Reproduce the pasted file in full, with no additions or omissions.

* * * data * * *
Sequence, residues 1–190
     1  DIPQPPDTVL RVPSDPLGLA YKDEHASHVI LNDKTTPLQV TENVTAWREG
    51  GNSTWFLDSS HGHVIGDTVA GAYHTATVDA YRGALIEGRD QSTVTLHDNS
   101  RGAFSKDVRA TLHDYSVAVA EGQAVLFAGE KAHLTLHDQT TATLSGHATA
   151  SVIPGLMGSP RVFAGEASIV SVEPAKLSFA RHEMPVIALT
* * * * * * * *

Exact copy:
Sequence, residues 1–190
     1  DIPQPPDTVL RVPSDPLGLA YKDEHASHVI LNDKTTPLQV TENVTAWREG
    51  GNSTWFLDSS HGHVIGDTVA GAYHTATVDA YRGALIEGRD QSTVTLHDNS
   101  RGAFSKDVRA TLHDYSVAVA EGQAVLFAGE KAHLTLHDQT TATLSGHATA
   151  SVIPGLMGSP RVFAGEASIV SVEPAKLSFA RHEMPVIALT